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Drug Studies, or Why So Many Medical Studies Generate Wrong Answers

It's exciting to think that by taking a vitamin or herbal supplement that you can significantly reduce your risk of contracting  a disease or make yourself healthier. I'll make the connection to prescription drugs clearer later in this article.  If you've followed such studies in the last few years, you have reason to be cynical.  Vitamin E had its fifteen minutes of fame as a preventative for heart disease, an antioxidant that destroyed those bad ol' free radicals in your body and kept you healthy.  A study consisting of thousands of patients said so; the medical community said so.  They were wrong.[1]

The problem is that such studies appear on a regular basis and people believe them, act on them, and often, don't see the retraction.  But how can so many studies be so wrong?  The full answer would take a book-length Web site, but let me just mention some problems and perhaps make you a more critical reader of health claims.

The first thing to look for when you read, "Vitamin X Prevents Diabetes" is what animal the study is based on; that's right, what animal.  Often, usually buried in the text, the article will briefly describe the basis of the claim and it will be based on a "mouse model"-that is, vitamin X was given to a hundred mice specially bred to acquire diabetes and a hundred mice, also specially bred to acquire diabetes, were given placebo.  The result:  73%  of the mice receiving vitamin X acquired diabetes while 88% of the placebo-fed mice acquired diabetes.  So you have a 15% less chance of acquiring diabetes if you take vitamin X! 

Therefore  the proper title of the article might be, "If you are a specialty-bred mouse and if there is really a difference between 73% and 88% in two groups of a hundred mice each, you might have a 15% less chance of acquiring diabetes if you take vitamin X".  Not a very impressive title, you must admit-but there are two important points to be considered here.  The first is that the study was done on mice (The same sort of studies are done with drug candidates to see if a drug has therapeutic potential).  Now, mice are nice little mammals, like humans-much more interested in consuming cheese and peanut butter than the average human, but much like us, nonetheless.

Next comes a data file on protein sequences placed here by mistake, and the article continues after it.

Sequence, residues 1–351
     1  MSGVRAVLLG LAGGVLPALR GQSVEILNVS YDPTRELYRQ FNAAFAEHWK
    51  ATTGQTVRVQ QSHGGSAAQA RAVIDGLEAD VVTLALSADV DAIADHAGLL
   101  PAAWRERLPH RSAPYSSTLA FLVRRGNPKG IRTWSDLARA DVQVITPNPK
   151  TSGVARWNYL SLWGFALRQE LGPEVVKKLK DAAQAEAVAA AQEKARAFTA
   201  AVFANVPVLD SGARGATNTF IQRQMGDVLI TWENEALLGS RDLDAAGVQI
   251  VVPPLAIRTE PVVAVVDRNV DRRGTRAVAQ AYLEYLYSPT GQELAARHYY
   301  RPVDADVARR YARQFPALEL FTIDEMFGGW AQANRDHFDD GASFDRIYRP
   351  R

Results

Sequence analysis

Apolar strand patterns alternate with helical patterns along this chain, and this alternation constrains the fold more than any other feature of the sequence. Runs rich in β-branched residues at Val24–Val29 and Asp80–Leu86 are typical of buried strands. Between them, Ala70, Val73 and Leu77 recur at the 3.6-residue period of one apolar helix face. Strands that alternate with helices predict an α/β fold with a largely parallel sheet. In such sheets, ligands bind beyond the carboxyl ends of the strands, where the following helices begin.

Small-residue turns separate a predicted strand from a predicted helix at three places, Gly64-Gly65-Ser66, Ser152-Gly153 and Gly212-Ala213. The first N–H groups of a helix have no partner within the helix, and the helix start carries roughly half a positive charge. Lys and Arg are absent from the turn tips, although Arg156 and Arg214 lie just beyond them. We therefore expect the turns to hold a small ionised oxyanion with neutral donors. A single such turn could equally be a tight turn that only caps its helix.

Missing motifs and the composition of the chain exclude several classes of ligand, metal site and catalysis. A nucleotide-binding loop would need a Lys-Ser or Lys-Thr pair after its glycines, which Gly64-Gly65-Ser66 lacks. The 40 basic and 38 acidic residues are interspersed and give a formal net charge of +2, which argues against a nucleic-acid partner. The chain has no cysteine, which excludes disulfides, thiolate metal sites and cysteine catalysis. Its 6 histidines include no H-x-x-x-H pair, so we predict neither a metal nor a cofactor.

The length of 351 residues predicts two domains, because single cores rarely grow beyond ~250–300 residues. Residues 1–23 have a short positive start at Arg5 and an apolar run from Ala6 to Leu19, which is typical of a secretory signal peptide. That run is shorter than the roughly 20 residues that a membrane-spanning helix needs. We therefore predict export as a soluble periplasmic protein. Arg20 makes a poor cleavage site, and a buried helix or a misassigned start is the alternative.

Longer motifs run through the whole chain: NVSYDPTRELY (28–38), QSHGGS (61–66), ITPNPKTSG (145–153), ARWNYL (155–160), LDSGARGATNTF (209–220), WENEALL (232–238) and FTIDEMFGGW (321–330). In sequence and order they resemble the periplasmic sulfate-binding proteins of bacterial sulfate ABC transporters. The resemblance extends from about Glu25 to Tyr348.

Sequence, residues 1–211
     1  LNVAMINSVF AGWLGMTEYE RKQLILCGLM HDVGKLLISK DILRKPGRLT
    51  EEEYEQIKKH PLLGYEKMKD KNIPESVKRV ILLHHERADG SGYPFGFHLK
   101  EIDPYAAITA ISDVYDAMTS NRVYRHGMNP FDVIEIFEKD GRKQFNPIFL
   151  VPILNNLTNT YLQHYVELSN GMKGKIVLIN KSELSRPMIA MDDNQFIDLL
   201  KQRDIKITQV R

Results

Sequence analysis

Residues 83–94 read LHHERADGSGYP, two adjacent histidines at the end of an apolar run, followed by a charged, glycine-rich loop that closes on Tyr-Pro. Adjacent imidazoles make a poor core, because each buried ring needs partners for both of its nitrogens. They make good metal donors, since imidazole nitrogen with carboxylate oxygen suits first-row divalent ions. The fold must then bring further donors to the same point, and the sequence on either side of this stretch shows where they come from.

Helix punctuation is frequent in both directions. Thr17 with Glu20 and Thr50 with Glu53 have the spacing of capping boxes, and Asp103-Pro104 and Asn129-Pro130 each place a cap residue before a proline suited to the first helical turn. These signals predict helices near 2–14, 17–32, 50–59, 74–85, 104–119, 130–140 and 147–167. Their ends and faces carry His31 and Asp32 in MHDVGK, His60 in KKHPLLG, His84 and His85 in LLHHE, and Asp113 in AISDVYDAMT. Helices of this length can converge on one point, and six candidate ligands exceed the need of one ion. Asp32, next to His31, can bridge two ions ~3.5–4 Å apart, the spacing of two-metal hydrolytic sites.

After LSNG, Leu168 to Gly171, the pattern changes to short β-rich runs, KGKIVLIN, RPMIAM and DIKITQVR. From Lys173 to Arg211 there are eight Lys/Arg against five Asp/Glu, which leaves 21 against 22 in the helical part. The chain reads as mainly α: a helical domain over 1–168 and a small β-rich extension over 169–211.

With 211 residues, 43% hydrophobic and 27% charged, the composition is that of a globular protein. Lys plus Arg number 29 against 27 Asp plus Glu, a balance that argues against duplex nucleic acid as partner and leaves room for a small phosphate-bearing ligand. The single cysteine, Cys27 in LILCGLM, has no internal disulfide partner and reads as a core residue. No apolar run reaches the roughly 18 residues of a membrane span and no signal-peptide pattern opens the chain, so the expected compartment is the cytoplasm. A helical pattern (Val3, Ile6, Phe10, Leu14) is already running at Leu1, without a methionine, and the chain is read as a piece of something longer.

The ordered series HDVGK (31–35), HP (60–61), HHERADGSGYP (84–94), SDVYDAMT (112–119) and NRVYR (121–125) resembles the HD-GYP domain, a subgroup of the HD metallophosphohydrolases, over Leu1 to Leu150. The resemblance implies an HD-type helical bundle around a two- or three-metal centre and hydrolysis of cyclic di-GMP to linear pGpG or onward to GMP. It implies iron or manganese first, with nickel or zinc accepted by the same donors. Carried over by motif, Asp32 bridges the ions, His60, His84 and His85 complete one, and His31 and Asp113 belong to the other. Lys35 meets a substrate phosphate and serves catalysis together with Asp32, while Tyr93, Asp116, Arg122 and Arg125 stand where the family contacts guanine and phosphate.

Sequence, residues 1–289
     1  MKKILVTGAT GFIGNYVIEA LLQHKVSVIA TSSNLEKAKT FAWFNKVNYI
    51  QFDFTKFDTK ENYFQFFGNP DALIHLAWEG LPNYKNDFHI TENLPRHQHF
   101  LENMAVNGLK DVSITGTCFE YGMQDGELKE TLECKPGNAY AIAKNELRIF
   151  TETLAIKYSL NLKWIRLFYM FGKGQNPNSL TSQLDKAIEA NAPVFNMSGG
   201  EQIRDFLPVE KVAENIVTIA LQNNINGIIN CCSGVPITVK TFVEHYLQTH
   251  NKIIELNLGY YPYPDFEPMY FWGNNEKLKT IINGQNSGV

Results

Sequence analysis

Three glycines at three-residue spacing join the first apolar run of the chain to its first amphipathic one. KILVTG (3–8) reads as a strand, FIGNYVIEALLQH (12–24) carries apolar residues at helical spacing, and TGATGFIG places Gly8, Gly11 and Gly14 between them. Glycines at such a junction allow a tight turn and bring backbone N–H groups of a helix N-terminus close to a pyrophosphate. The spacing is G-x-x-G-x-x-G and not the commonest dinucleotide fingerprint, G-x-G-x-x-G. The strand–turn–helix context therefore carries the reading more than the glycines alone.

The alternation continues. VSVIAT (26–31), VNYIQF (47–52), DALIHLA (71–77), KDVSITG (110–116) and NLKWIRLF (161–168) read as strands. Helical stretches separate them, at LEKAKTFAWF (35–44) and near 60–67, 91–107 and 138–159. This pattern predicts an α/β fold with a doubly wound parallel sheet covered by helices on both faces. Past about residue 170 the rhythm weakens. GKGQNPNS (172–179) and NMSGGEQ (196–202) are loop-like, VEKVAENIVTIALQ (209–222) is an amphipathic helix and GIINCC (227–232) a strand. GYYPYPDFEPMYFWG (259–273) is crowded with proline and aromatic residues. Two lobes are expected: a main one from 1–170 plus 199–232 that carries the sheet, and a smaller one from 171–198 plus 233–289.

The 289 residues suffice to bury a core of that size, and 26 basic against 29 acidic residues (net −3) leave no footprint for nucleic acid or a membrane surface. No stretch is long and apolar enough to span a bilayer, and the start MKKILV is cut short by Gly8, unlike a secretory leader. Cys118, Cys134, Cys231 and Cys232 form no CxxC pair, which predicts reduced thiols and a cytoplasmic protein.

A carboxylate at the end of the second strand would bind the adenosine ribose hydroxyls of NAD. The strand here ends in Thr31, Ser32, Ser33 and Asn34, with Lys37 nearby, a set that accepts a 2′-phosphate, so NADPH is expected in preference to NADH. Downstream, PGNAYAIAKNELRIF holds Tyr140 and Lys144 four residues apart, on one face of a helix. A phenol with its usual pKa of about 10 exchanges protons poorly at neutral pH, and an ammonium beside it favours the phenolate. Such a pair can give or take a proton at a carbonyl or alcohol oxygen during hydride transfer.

The problem is that lots of vitamins and drugs work really, really well on mice and have no effect, or a negative effect on humans.  I once asked a very  experienced scientist who did drug studies on mice why his mice studies so often did not translate into  having a positive effect on humans.  His answer was, "people aren't mice".  So if it's a study with just mice, don't automatically infer it has anything to do with the way humans will respond to a given chemical substance, be that substance a vitamin, herbal, or drug.  Think of the article as merely interesting.

The second objection to "Vitamin X Prevents Diabetes" is the meaning of the results.  Specialty-bred mice are really, really similar to each other-that is why mice studies are so popular; you can buy all sorts of specialty-bred mice-you name it, there's a mouse out there that has been bred for that trait.  So why weren't the results 100% of the mice that were given vitamin X diabetes-free and 100% of the placebo-fed mice diabetic?  Let's put this in a different, more homey, context.  Suppose you had two sons that went bowling and when they came home, they told you that one of them bowled a 100 and the other bowled an 120 game.  Would you conclude that the boy that bowled the 120 game was definitely a better bowler?-or would you be unsurprised if they went bowling again, that the "better bowler" might get a lower score this time out?  When given some thought, there are a lot of things that could explain those initial bowling scores, including randomness-so perhaps, a 20% difference just isn't impressive.

For a drug to be approved by the FDA for marketing, it must be more effective for the condition it attempts to treat than a placebo (usually a tablet that is made of exactly the same ingredients as the drug formulation, but not containing any drug).  "More effective" can mean just a few percent more effect-it just has to be "more effective".  There are a lot of drugs that are on the market that have had a very difficult time being at all more effective than placebo [2].  We'll return to this subject next time, but in summary of this article, remember when reading health claims to ask yourself the questions "what animal were the studies performed on" and "what was the percent difference between drug-dosed and placebo-dosed animals in terms of positive response-enough to convince me that the drug is likely to be helpful?"

[1] Can vitamin E protect your heart?

[2] Antidepressants no better than placebo?






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